Wednesday, July 18, 2012

Sixty Million Frenchmen Can't Be Wrong

Sixty Million Frenchmen Can't Be Wrong: Why We Love France (But Not the French)
© 2003 Jean-Benoît Nadeau & Julie Barlow
351 pages

France stymies Americans. They eat what they want, but seemingly don't get fat. Their government is happily involved in health, education, industry, and business, but they have one of the most robust economies in the world. How do they do it? What makes them tick?  Jean-Benoît Nadreau and Julie Barlow were dispatched by a government foundation to find out just that very thing. Having lived in France for several years and made a study of it, they represent their findings in  the fascinating Sixty Million Frenchmen Can't Be Wrong: Why We Love France but Not the French

All of Gaul, Julius Caesar wrote, is divided into three parts -- and so is this book. The first examines the personal aspects of French culture:  notions of privacy,  the importance of language,  the art of cuisine, the deep connection the French have with their land. Part II, "Structure", examines the culture of civics and governance,  and part three demonstrates how those elements of French culture are adapting to the future.  Although it covers a wide range of topics, the editing is such that the three parts fit neatly together to present a solid and comprehensive picture.  That picture is formed in part by the centrality of the State. Although Americans might interpret a central state as a an overwhelming powerful central government, the State is more fundamental in France. It is not an outside thing that people relate to: it is the environment. France is the state: its very creation, a pillar of order erected from the chaos of feudalism.  The French republic is not a federation of provinces and cities it is the Public Thing in itself, wielding enormous power and expressing that through a strong military or money but through the way it enmeshes itself in the lives of the French, creating in part the French culture itself. Most striking for me was the use of language:

When French mayors talk about their constituents, they never use the word 'citizens'. No one talks about the 'citizens of Lyon' or 'the citizens of Toulouse' Mayors speak of their administrés, (literally, their 'administereds'). The French can only be citizens of one thing, the one and indivisible Republic, and that entity 'adinisters' them at the local level through mayors." p. 146

Although in America the state mostly exists as an apparatus for economic interests, in France it seems to exist more for the public welfare, not just business. The idea is at least easy to take seriously, as the French government takes an interest in the lives of its people, providing plenty of support for new parents.  What a delightfully exotic idea to American ears, that the state is there to enhance the quality of life!  Quality is another strong theme --- the opening sections address the French fondness for grandeur and eloquence. Life is to be savored, not merely purchased. Another choice quotation:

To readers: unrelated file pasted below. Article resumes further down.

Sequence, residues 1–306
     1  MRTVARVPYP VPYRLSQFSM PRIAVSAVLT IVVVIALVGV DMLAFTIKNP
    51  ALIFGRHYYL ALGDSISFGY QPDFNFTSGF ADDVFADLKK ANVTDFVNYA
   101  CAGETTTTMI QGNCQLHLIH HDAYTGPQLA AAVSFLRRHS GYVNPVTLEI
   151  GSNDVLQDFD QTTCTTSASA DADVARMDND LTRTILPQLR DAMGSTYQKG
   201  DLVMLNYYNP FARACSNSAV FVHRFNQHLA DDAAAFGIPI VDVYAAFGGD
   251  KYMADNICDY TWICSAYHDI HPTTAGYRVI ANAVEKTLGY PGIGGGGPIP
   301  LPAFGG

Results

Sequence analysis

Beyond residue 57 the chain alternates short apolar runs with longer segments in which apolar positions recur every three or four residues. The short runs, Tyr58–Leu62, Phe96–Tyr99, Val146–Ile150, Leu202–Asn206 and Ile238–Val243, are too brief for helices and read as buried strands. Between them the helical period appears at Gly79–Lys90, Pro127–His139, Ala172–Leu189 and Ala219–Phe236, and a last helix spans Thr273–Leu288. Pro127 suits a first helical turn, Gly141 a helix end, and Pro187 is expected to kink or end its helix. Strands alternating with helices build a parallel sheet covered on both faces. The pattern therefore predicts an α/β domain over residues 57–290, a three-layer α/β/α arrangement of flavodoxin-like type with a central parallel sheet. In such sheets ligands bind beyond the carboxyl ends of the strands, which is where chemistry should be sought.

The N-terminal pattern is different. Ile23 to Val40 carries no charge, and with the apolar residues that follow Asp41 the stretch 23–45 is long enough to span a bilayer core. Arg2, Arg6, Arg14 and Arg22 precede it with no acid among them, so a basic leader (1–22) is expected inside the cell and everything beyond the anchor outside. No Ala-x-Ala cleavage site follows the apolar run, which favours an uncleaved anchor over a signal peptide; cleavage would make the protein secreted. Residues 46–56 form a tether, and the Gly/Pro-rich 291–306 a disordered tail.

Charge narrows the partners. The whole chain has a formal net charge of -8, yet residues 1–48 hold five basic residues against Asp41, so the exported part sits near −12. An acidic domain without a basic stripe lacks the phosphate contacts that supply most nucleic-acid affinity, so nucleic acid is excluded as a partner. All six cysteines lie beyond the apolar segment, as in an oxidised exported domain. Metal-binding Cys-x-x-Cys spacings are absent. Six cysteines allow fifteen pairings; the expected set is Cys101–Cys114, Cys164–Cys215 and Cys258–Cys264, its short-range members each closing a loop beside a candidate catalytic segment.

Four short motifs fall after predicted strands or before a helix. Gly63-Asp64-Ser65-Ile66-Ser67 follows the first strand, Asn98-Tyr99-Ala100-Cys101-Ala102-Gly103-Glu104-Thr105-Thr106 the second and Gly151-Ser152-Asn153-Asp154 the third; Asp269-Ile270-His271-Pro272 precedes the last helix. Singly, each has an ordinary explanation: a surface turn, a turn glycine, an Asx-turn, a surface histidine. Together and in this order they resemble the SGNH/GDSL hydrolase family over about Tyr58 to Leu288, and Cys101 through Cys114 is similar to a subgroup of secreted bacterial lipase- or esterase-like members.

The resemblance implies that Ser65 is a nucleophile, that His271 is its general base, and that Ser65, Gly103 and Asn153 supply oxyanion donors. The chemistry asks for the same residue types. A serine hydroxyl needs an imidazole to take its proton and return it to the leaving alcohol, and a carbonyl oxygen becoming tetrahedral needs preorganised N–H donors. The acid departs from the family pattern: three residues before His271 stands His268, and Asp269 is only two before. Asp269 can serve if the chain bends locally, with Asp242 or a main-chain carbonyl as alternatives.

‎"The way the French see it, the economy should serve the social well-being of the country, not the other way around. Former prime minister Lionel Jospin is famous for having said "Oui à l'économie de marché, non à la société de marché" (Yes to a market economy, no to a market society)." (p. 276)

The powerful State and the emphasis on quality are joined in the French attitude toward education: there exist in France several academies which exist just to produce an elite caste of people to ensure that this powerful state is being run correctly. The civil service is fashioned along the lines of an army, and this elite is its officer corps. Americans who see higher education as elitist would be positively scandalized by the idea that the French seek to create it deliberately, but in France governance is too important not to be taken seriously.

In general,  the French way is presented as neither better nor worse than the English and American systems, but simply different. I for one am both attracted and disturbed by the aspects of French culture revealed here because of the varying attitudes I have for individualism and the role of the state. One can't deny the results, though, and after reading this and various other works about French culture I can't help but think they have better priorities.

And with that, my reading and reviews for Bastille Day is finally done. Until next year, anyway!

1 comment:

  1. Hello,

    I saw that you reviewed our last book Sixty Million Frenchmen Can’t Be Wrong and thought your readers might be interested in the follow up book we published last spring: The Bonjour Effect: The Secret Codes of French Conversation Revealed. We wrote it after returning to France for a year (we have 10 year-old twin daughters now who went to French school). It’s similar in spirit to the first book, but explores just one particularly mystifying aspect of the French: how to communicate effectively (and enjoyably) with them. Yes, it did take a whole book to unravel the mysteries of French conversation…

    We’re getting good press (the New York Times called it “light as it is substantive” and the Times Literary Supplement, “fascinating and delightful”; Rick Steve’s Europe will be featuring us December 10).

    You can ask for a press copy from St. Martin’s Press in NY, (or Duckworth in the UK). And please feel free to contact us directly if you have any questions.

    Au plaisir de vous lire!

    Julie Barlow and Jean-Benoît Nadeau


Thank you for visiting! Because of some very clever spambots, I've had to start moderating comments more strictly, but they're approved throughout the day.